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The congenital dyserythropoietic anemias (CDAs) are a heterogeneous group of rare disorders characterized by anemia, the presence of erythroid hyperplasia with multinuclear erythroid precursors in the marrow, ineffective erythropoiesis and secondary iron overload.* Only the erythroid series shows significant abnormalities, with rare exceptions. Patients have been classified as types I, II, and III, but several patients appearing with these general characteristics do not fit into any of the three groups. CDA types I and II are inherited as autosomal recessive disorders, and type III disease is inherited as an autosomal dominant disorder. Type I disease is caused by mutations of the CDAN1 gene. Codanin-1, the gene product, is a cell-cycle-regulated protein of currently unknown function. In codanin-negative cases, C15ORF41 mutations can cause type I CDA. Type II CDA is also known as hereditary erythroblastic multinuclearity with a positive acidified serum test, or by its acronym HEMPAS. The vast majority of CDA type II cases are caused by mutations of the SEC23B gene. This gene encodes the cytoplasmic COPII (coat protein) component SEC23B, which is involved in the secretory pathway of eukaryotic cells. CDA type III disease is rarer than the other two forms and its erythroid production failure is accompanied by a tendency for the development of retinal angioid streaks and of myeloma in the long term. It is caused by KIF23 mutations, a gene encoding mitotic kinesin-like protein 1, which plays a critical role in cytokinesis. There is no specific treatment for these disorders. Management includes red cell transfusion, removal of excess body iron by chelation therapy or judicious phlebotomy, splenectomy, and allogeneic hematopoietic stem cell transplantation. Only in severe forms of type I CDA does interferon-α decrease transfusion needs.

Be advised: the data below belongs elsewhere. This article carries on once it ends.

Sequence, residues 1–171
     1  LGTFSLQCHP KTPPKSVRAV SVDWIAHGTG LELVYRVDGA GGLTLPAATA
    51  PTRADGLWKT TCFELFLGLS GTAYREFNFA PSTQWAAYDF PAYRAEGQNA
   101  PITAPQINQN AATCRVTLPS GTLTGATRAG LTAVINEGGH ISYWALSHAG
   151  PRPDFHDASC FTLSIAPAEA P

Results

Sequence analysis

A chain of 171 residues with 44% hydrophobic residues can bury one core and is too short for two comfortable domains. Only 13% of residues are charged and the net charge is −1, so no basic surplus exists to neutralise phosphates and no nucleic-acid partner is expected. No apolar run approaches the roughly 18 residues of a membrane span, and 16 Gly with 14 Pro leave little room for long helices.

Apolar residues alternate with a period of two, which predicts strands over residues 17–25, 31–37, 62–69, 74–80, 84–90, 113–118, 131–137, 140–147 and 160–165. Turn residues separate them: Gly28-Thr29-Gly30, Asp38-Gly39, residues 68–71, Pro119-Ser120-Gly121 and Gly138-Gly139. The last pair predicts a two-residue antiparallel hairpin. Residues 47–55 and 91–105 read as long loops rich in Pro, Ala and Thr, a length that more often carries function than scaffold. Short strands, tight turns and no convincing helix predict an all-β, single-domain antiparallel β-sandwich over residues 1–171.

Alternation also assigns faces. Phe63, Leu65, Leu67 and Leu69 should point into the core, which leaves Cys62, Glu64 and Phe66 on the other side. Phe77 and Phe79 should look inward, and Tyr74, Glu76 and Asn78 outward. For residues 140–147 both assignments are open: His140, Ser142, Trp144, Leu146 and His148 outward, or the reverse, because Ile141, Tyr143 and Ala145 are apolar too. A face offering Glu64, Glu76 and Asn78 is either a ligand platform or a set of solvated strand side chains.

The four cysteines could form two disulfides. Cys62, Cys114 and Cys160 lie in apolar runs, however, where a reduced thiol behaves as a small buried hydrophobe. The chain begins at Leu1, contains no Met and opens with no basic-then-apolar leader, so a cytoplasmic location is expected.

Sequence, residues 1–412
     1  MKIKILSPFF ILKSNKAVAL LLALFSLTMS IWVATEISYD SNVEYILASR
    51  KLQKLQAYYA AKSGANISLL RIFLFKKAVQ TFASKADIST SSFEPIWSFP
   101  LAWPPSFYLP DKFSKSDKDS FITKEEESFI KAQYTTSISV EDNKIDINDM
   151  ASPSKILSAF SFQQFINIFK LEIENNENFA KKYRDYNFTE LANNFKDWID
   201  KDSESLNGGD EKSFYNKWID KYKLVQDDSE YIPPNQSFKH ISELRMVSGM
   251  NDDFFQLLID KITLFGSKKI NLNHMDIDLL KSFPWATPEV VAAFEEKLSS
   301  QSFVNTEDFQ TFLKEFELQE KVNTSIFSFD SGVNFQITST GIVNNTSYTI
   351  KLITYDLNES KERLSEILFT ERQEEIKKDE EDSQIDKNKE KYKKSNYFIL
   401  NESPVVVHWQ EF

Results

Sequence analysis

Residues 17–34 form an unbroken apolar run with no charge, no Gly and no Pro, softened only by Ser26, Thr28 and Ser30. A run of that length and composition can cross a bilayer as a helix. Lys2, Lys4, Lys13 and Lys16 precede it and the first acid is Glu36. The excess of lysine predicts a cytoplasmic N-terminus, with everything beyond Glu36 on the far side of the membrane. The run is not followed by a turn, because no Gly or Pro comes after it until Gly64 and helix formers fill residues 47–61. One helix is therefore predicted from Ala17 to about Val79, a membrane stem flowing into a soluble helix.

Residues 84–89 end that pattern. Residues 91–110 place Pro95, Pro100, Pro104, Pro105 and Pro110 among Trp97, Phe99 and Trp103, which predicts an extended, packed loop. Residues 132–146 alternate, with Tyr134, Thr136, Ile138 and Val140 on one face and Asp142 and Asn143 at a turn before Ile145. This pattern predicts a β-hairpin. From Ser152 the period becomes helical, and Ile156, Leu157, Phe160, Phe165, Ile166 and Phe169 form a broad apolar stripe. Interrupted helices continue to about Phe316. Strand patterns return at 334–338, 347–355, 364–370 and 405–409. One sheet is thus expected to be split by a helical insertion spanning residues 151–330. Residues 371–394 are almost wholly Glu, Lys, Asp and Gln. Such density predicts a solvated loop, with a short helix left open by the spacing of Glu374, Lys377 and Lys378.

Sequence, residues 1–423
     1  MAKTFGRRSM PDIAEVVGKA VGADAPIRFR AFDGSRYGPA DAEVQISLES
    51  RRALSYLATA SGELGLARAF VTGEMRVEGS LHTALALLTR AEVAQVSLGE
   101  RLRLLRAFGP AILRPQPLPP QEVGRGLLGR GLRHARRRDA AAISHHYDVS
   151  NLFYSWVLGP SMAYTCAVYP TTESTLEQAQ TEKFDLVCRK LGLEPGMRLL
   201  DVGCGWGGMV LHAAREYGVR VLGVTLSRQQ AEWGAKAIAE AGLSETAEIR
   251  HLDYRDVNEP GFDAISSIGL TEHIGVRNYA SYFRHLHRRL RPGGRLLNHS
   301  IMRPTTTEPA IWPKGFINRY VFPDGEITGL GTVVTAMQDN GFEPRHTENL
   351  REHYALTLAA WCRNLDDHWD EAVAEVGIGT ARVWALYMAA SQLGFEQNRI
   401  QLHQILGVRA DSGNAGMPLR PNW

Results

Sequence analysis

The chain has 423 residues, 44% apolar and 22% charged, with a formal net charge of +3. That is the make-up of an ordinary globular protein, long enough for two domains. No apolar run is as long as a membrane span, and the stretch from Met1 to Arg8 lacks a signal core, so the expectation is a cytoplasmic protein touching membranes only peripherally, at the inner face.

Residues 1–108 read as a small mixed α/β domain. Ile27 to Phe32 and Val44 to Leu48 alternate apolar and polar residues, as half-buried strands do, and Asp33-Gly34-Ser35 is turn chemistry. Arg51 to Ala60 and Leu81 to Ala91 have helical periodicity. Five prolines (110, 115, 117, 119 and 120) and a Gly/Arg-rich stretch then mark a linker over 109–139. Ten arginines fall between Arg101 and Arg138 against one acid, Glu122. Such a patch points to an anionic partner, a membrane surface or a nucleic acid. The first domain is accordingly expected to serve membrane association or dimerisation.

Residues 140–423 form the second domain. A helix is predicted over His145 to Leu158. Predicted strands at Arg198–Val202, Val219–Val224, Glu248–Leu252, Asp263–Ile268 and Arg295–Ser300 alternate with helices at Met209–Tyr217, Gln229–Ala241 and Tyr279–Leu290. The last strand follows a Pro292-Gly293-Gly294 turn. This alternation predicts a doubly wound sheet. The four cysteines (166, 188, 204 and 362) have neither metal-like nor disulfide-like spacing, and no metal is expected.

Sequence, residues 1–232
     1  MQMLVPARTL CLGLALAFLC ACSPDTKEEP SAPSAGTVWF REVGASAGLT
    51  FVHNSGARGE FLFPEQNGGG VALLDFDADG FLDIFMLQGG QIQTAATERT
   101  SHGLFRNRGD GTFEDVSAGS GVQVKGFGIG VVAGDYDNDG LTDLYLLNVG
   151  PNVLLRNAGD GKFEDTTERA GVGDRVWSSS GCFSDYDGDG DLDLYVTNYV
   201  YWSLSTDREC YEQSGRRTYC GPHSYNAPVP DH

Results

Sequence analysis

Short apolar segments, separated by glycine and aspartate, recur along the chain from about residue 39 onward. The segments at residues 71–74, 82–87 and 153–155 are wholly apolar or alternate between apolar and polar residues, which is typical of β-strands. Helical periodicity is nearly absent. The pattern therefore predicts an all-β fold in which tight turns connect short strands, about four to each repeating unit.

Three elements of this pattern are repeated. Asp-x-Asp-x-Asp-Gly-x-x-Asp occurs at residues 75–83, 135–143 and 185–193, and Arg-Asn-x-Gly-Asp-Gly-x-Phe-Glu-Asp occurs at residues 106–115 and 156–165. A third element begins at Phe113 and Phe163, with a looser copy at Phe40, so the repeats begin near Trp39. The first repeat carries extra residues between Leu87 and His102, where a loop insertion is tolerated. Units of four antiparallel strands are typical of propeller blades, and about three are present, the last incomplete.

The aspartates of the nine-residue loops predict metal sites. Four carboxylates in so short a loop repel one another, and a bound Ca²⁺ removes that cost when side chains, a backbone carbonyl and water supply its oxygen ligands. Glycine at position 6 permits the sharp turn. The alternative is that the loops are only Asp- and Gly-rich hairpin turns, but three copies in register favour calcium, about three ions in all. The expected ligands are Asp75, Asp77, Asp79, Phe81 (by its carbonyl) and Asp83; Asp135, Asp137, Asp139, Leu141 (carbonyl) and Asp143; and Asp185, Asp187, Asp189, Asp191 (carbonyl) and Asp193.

Acronyms and Abbreviations:

AE1, band 3 anion transport protein; Arf6, adenosine diphosphate (ADP)-ribosylation factor 6; Asf1a, a protein that is a member of the H3/H4 family of histone chaperones; C15ORF41, gene encoding a protein with two predicted helix-turn-helix domains of unknown function; CDA, congenital dyserythropoietic anemia; CDAN1 gene, codanin-1; COP, cytoplasmic coat protein; COX4I2, gene encoding cytochrome c oxidase subunit IV isoform; E2F1, transcription factor 1; ER, endoplasmic reticulum; G6PD, glucose-6-phosphate dehydrogenase; GATA1, hematopoietic transcription factor; GDF15, growth differentiation factor 15; HEMPAS, hereditary erythroblastic multinuclearity associated with a positive acidified serum test; HJV, hemojuvelin gene; HLA, human leukocyte antigens; HS, hereditary spherocytosis; KIF23, mitotic kinesin-like protein 1; LPIN2 (18p11.31), encoding lipin 2; KLF1, a hematopoietic transcription factor; MCV, mean cell volume; MKD, mevalonate kinase deficiency; MKLP1, gene encoding mitotic kinesin-like protein 1; SAR1B, a gene encoding a small guanosine triphosphatase (GTPase) protein; SDS-PAGE, sodium dodecylsulfate polyacrylamide gel electrophoresis; UGT1A1, bilirubin uridine diphosphate (UDP)-glucuronosyltransferase 1A1 gene.


*Dr. Jean Delaunay wrote this chapter in the 8th edition of this textbook. Some of the material from the 8th edition has been retained. Dr. Roberta Russo collaborated in the preparation of this manuscript.




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